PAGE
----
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In my 2019 goals post, I wrote about my plans to get back into bullet journaling for the new year. I’d used my journals sporadically for the last couple of years and, having read more and more about the benefits of journaling, I wanted to find a way to keep it up.
Before setting up my new 2019 bujo, I consulted Ryder Carroll’s The Bullet Journal Method to find out more about the heart of the process. I think keeping it minimal, rather than obsessing over my lack of artistic talent, is the way to go.
I know a lot of people stress about the way their bujos look (myself included) and that can have a negative impact on the huge variety of potential benefits. I thought I’d share my January set up and then reflect on my use of these spreads at the end of the month to encourage readers to worry less and act more.
The Dingbats Earth Journal
First, the journal itself. I’ve gone with another Dingbats Earth Journal because I couldn’t bring myself to commit to one of the many other dot grids I had lying around the house. I was gifted the Great Barrier Reef one last year and now I won’t use anything else. I bought the Serengeti edition for the new year and will probably switch up the colour again next time in order to own the full set.
What separates the Dingbats from a lot of other dot grids is the built-in page numbers, index and future log, plus nearly 200 100gsm pages. It also has two page ribbons, instead of the usual one, and easy reference tabs. Oh, and if you’re a paper addict like me, you’ll be pleased to know that it’s made from vegan leather and the entire journal is 100% recyclable.
My future log
I initially hoped to use this journal for the whole year but I think six months is probably more realistic.
I keep a separate day-to-a-page diary for my day job to track my meetings and such (but I’ve found using a bujo system within these pages so helpful) and a separate diary in my day bag for appointments and Jenson’s busy schedule. My bujo is primarily for my own goals and blog planning. I’ve set up my future log across two spreads for the rest of the year to note key campaigns, blog tours, book publication dates, etc.
The calendar is handy to see things at a glance and there’s plenty of space for key dates.
Something I loved in Ryder’s book was the 5, 4, 3, 2, 1 spread, where you note goals for your personal and professional life. I have a separate page in my work diary for day job goals and have used my bujo spread for personal and blog goals.
My reading challenges
While I use the Goodreads app to track my reading throughout the year, I wanted to note the various challenges in my bujo for easy reference.
As well as the challenges, I’m also tracking my reading more generally, highlighting my effort to read more diverse titles. I thought it would be interesting to track how many books are written by women, by people of colour, how many of my books read are review copies, and what my overall ratings are.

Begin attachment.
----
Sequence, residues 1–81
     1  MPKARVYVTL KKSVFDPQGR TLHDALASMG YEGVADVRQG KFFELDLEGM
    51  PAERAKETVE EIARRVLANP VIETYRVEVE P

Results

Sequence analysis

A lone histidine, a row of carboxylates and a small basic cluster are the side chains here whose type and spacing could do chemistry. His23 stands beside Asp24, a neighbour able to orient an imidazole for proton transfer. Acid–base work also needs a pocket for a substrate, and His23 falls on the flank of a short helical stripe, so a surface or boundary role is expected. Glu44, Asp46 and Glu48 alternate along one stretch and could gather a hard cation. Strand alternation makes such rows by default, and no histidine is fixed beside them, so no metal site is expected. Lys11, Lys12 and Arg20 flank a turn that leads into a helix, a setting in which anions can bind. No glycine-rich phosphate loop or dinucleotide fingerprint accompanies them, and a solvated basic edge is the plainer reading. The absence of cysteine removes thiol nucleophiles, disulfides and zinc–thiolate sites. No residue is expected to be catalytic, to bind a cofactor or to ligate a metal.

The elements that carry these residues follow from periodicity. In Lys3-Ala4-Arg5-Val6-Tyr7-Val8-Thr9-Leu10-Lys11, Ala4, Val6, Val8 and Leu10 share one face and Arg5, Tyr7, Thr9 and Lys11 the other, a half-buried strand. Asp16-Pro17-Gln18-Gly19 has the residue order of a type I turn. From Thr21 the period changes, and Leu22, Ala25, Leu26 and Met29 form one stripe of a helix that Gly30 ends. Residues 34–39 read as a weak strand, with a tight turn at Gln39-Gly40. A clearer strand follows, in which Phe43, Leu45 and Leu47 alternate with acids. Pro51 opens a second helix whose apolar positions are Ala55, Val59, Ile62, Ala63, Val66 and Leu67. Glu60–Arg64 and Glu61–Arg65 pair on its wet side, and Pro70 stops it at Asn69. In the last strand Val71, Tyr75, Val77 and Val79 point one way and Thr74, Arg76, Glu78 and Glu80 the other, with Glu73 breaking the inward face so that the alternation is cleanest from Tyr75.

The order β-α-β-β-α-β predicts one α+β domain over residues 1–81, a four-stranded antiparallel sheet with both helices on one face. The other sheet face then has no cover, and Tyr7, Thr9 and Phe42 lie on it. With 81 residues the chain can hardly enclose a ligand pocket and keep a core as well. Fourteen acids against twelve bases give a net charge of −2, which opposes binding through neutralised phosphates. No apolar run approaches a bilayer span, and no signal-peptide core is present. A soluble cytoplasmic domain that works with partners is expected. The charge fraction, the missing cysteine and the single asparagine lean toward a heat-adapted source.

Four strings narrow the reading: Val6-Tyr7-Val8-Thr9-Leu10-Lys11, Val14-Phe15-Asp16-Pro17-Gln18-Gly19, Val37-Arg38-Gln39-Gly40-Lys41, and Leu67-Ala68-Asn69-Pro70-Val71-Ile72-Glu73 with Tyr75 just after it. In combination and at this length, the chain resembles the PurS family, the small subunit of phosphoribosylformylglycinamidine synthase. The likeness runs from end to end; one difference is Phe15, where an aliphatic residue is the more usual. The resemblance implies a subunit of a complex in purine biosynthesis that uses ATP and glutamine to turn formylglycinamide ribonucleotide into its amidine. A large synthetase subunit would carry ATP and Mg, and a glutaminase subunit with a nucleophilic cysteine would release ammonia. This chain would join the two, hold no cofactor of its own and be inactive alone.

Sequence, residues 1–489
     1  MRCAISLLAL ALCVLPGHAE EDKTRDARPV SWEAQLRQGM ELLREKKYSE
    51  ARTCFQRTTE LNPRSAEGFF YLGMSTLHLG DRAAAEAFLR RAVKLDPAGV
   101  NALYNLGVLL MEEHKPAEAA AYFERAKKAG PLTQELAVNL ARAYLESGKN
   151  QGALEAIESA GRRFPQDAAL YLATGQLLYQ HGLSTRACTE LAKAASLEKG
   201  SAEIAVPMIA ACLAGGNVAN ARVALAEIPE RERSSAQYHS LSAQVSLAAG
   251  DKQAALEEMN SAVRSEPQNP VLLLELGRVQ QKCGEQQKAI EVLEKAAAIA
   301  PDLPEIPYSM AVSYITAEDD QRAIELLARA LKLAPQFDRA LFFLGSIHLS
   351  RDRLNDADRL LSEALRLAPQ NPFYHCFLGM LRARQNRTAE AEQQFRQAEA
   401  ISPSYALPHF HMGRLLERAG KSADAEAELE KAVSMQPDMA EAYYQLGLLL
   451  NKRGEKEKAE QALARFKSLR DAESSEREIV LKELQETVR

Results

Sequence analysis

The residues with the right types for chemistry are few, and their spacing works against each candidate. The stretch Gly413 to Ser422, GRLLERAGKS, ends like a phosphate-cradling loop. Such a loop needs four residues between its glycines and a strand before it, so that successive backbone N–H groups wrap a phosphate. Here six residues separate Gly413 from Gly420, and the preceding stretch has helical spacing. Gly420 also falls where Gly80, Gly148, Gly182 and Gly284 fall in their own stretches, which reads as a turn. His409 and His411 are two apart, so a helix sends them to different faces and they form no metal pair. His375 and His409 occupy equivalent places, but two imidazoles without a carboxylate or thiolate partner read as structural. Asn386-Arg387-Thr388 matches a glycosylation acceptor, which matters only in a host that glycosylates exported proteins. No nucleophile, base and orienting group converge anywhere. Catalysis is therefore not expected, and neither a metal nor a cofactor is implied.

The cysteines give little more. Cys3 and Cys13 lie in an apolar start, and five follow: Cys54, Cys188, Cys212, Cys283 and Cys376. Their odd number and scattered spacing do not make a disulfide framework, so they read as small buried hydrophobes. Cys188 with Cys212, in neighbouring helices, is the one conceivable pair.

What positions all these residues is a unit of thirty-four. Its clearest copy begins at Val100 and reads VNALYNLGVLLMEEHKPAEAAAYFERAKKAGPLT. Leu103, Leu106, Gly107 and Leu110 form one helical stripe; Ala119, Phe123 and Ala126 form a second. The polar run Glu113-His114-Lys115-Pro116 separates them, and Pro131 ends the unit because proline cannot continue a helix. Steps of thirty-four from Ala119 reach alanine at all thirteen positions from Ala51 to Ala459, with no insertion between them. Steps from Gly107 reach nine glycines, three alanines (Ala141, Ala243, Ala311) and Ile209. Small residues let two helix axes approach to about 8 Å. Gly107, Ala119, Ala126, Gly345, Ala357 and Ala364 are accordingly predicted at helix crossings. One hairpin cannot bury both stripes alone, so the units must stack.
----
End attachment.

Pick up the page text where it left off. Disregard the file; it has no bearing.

I had planned to just show my templates in this post but got carried away and added a couple of titles before taking these photos.
For the last few years I’ve been trying to find the time to watch more films, so I thought I’d track them too. I went to the cinema four times in one week over the Christmas break and something tells me that’s going to be a very rare occurrence.
I’m keen to not take up too much space with spreads that aren’t that useful and I loved the ‘year in pixels’ pages I spotted in some Facebook groups. If it’s just one thing you’re looking to track every day for a year, it’s a really simple set-up and you can easily colour-code it.
I’ve decided to track my mood and sleep patterns. While my mood changes a lot throughout the day, I’ve decided to focus on the dominant mood and not to have too many options: happy/excited, PMT/poorly, tired, stressed/anxious, neutral.
I have a pretty epic Excel doc which tracks my KPIs and annual blogging goals but I wanted something simple to see at a glance in my bujo. I’m highlighting my monthly page views and visitors, plus some key social media stats, and I’ll do a little reflection spread at the end of each month noting popular posts. This should help when I’m working on my schedule and to do lists.
After seeing fellow bullet journalists complaining about pen and ruler fails, I’ve decided to keep these spreads freehand, although I might attempt a ruler in the future.
My monthly spreads
In most bujos, the monthly spread will be a generic monthly what’s on and to do list. As my blog is my primary focus, I’m using my calendar as a blog schedule, alongside a monthly to do list. A lot of my activities are monthly to dos, such as stats and media kit update, but I have been thinking about setting up a separate weekly spread. We’ll see how January goes.
I have some more personal info and spreads here too, and have decided to focus on daily gratitude and self-care, giving me something positive to focus on every day.
Something new for this year is a little daily reflection. I have a daily to do list, mostly picking things from my monthly spread for each day, such as blog admin and noting Twitter chats, etc. My favourite bit about this is taking some time at the end of each day to reflect, primarily on the positives, but also giving myself the space to offload a bit.
This section has the potential to take up a lot of space but I’m hoping the tips and tricks I’ve picked up from The Bullet Journal Method will keep this pretty minimal too. Let’s see how January goes!
I’ve also been reading Rachel Wilkerson Miller’s How to Bullet Plan and I’m playing around with different setups for spreads, so I’ll report back on that soon.
Have you started a new bullet journal this year?
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